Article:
The Diviners | Performing Arts Review | Chicago Reader

The Diviners 

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The Diviners, Bog Theatre, and The Diviners, DG Productions, at Chicago Dramatists Workshop. Written in 1979, The Diviners owes something to The Miracle Worker and to innumerable screenplays about a mysterious stranger--frequently a preacher, sometimes a doctor--whose arrival shakes up an isolated Depression-era community. But this time the man is an ex-preacher who shuns his former profession, and the invalid is a boy with a morbid fear of water, the result of childhood trauma (his mother died while rescuing him from drowning).

Accepting an adolescent character who's bathed only intermittently and under duress for most of his life is a task of biblical proportions--indeed, much of this script, by James Leonard Jr., veers precariously close to caricature. Bog Theatre director Daniel Scott and his cast have thought extensively about their material, however, delving into the script's implications and searching for the humanity in each and every utterance of even its most stereo-typical characters. The result is a contemplative, unhurried narrative that draws us in--a process expedited by actors whose ages approximate those of their characters--and renders its events plausible and engaging right up until the tension-filled climax. Dan Tomko projects the dignity of the disenchanted minister, C.C. Showers, in a nicely underplayed performance, while Chip Allman as the feral Buddy resists the part's temptation to excess.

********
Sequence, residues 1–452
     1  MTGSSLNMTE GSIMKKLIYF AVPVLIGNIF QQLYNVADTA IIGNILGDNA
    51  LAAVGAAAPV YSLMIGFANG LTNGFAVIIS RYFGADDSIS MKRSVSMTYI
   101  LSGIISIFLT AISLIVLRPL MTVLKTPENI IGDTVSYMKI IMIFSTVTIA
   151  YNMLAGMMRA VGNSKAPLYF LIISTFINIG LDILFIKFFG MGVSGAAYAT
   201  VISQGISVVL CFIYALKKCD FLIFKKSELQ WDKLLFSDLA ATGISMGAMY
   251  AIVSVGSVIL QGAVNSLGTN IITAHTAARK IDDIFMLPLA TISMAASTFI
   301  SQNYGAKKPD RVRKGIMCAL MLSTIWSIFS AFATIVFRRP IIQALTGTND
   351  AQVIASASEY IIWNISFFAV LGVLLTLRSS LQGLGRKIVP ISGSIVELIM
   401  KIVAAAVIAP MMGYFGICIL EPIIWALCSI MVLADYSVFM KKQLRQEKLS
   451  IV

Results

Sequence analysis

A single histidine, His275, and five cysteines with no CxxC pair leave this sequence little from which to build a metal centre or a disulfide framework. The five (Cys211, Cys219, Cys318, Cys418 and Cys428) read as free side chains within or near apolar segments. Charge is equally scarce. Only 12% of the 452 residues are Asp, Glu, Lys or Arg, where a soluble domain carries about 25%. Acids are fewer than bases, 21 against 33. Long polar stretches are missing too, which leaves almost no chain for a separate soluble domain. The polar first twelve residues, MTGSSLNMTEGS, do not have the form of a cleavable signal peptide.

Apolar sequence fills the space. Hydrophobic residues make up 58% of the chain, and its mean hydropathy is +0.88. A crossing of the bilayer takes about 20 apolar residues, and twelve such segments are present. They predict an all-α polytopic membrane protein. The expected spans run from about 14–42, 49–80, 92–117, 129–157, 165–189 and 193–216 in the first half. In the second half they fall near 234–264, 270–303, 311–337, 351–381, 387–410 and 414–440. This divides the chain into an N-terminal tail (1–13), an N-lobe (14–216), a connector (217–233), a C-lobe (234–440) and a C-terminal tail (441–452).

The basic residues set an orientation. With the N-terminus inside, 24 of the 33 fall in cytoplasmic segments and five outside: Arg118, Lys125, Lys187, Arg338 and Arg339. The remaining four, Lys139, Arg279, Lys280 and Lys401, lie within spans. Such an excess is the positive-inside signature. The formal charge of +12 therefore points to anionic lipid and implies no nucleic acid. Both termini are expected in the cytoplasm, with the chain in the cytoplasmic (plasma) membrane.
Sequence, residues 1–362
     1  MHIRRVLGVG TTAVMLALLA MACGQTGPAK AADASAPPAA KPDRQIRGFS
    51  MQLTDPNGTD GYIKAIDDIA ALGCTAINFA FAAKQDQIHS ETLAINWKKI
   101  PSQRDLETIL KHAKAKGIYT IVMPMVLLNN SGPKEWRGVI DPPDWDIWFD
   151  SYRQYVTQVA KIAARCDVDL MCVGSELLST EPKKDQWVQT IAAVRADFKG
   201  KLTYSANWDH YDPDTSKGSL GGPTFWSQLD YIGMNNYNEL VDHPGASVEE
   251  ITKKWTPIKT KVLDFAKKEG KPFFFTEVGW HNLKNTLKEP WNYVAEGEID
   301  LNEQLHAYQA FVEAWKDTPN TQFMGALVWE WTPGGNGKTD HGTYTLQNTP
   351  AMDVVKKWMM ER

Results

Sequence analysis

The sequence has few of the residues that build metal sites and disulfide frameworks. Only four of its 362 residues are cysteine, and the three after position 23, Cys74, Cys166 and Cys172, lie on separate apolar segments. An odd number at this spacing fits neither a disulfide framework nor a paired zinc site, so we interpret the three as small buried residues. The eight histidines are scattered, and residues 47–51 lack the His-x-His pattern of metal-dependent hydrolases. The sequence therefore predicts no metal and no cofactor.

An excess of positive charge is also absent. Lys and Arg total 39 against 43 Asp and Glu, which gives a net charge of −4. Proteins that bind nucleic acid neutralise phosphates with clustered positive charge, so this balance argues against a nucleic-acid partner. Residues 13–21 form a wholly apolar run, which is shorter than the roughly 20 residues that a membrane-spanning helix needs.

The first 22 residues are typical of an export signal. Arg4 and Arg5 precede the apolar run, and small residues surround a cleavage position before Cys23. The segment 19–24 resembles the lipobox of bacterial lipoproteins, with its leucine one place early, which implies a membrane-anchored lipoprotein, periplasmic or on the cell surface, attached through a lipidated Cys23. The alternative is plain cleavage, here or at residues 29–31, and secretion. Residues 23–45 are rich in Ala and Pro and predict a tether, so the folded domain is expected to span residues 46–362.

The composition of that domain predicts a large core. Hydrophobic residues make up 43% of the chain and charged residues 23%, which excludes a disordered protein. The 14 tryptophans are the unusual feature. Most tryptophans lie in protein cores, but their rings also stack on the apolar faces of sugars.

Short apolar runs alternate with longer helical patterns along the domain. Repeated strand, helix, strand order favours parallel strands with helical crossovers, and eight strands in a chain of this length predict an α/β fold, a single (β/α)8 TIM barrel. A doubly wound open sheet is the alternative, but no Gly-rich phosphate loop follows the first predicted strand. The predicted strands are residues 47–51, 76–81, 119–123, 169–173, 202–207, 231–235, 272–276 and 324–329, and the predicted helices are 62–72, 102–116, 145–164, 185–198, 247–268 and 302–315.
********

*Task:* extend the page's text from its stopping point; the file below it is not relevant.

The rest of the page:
Unfortunately the same praise cannot be given to the staging of Leonard's play by the newly formed DG Productions. The talent in this young cast is evident, but often their enthusiasm overpowers their enunciation (an exception is the town doctor, played by James Hedson). More debilitating is the company's failure to make fundamental decisions about key roles. Is C.C. sincere in his rejection of the ministry? What are the precise symptoms of Buddy's affliction? Add director Charles H. Davidson's nebulous scenic orientation (in one instance a character is swept underwater in the shallow part of the river) and static blocking, using only a fraction of the stage space, and what could have been a parable of power and transcendence becomes little more than a classroom exercise.

--Mary Shen Barnidge

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